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Posted: December 20, 2009 12:30 a.m.

Community service day

This year has been tough for most of us. Nearly everyone I know has been touched with furloughs, decreases in retirement funds and property values or unemployment. However, after Thursday’s Leadership Newton Community Service day, I realized that I am so blessed.

We began our day at FaithWorks, a nonprofit organization that assists local residents with small emergency loans for utility or rent bills. Not only is the organization highly organized, but also it has the support of 35 local churches. This is amazing and helps director Dennis Cheek make the program attractive when writing grants.

Mollie Melvin then spoke with us about Hands on Newton and The Learning Center. Hands on Newton is the baby of the organizations we learned about Thursday, only being in existence for two years. The organization matches volunteers with projects and in the small time they have worked in the community, volunteers have logged more than 9,000 hours of community service on projects such as the community gardens at the Garden of Gethsemane Homeless Shelter and Turner Lake Park.

Being a newspaper editor, literacy is something near to my heart. The Learning Center offers a bevy of programs that promote early childhood reading skills as well as programs advocating literate parenting. Children who are read to by their parents generally have higher grades in school and parents who read to their children tend to take a greater accountability for their own education and career success, according to Melvin. The Center always accepts gently used books to redistribute in the community. I also was excited to hear that volunteers are working to bring the Dolly Parton Imagination Library program back to Newton County.

Our class then visited the Community Food Pantry and took a tour of the homeless shelter. I often take my overstuffed kitchen pantry for granted. We stocked Food Pantry shelves with items our class donated and even with 20 people doing this, it was a daunting task.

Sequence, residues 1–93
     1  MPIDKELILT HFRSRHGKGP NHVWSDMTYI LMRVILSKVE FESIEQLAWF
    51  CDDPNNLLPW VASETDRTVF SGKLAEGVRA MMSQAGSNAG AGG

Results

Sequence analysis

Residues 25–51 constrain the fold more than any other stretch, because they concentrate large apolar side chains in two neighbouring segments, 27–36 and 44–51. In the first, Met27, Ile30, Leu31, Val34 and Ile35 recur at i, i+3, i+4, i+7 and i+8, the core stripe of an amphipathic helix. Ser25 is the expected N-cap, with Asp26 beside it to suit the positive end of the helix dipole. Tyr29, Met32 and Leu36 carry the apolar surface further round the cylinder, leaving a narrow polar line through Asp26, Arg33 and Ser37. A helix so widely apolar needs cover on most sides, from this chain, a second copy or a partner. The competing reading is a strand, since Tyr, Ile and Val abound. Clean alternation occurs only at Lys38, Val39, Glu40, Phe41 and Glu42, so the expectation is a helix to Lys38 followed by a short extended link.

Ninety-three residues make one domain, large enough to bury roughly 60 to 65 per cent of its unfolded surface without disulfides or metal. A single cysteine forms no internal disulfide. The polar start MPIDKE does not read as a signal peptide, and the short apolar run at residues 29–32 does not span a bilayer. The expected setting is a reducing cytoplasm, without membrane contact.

Homeless shelter director the Rev. Clara Lett took us on a tour of the immaculately clean facility. I was glad to hear that the shelter does not merely offer warm food and a comfortable bed, but also GED classes and transportation to college and technical level courses for residents.

Newton County Habitat for Humanity President Jeremy Shearer then met us at the homes purchased by the city of Covington for renovation with Neighborhood Stabilization Program grant funds. Habitat is partnering with the city for renovation on the eight town homes in Walker’s Bend for quick and inexpensive repair work. Shearer said he hopes the homes will be ready for families to move into by the end of the year — a remarkable turn around time.

Director of the Washington Street Community Center, Bea Jackson, welcomed us to the center for lunch and a tour. I was amazed at the number of programs the center offers children — everything from Scouting to performing arts programs — on a shoestring budget. Children who attend the after school tutorial program and fitness program on Fridays often come back to the community to volunteer as teenagers and young adults. Newton Mentoring Director Margaret Washington also spoke to us about the program she runs for students in our community. For those of us with busy schedules, Newton Mentoring only requires a one-hour a week commitment. For one hour during school, adult volunteers spend time with a student. Washington said mentees have shown improved grades as a benefit of the program.

We ended our day at Project Adventure. The facility is often misunderstood and, therefore, is branded with a bad reputation. Yes, the children the facility cares for have gotten in trouble with the law or have drug problems, but most of them have either been abandoned or abused by their parents or guardians. The staff helps the children learn to express their emotions in a healthy manner and deal with grief and anger and teaches life skills from how to make a bed to how to apply for a job. Six students under Project Adventure’s care spoke with us about what they were like before and how the center has helped them. Every one of them had a goal, whether is was to simply finish high school, joining the Navy or becoming a minister.

Going home Thursday night, I basked in the glow of my Christmas tree — surrounding by wrapped gifts, sleeping pets and a loving husband. I went to sleep with a full heart — thankful that I am in a position to help others.

Jennifer T. Long is the editor of The News and a member of the 2009-2010 class of Leadership Newton County.

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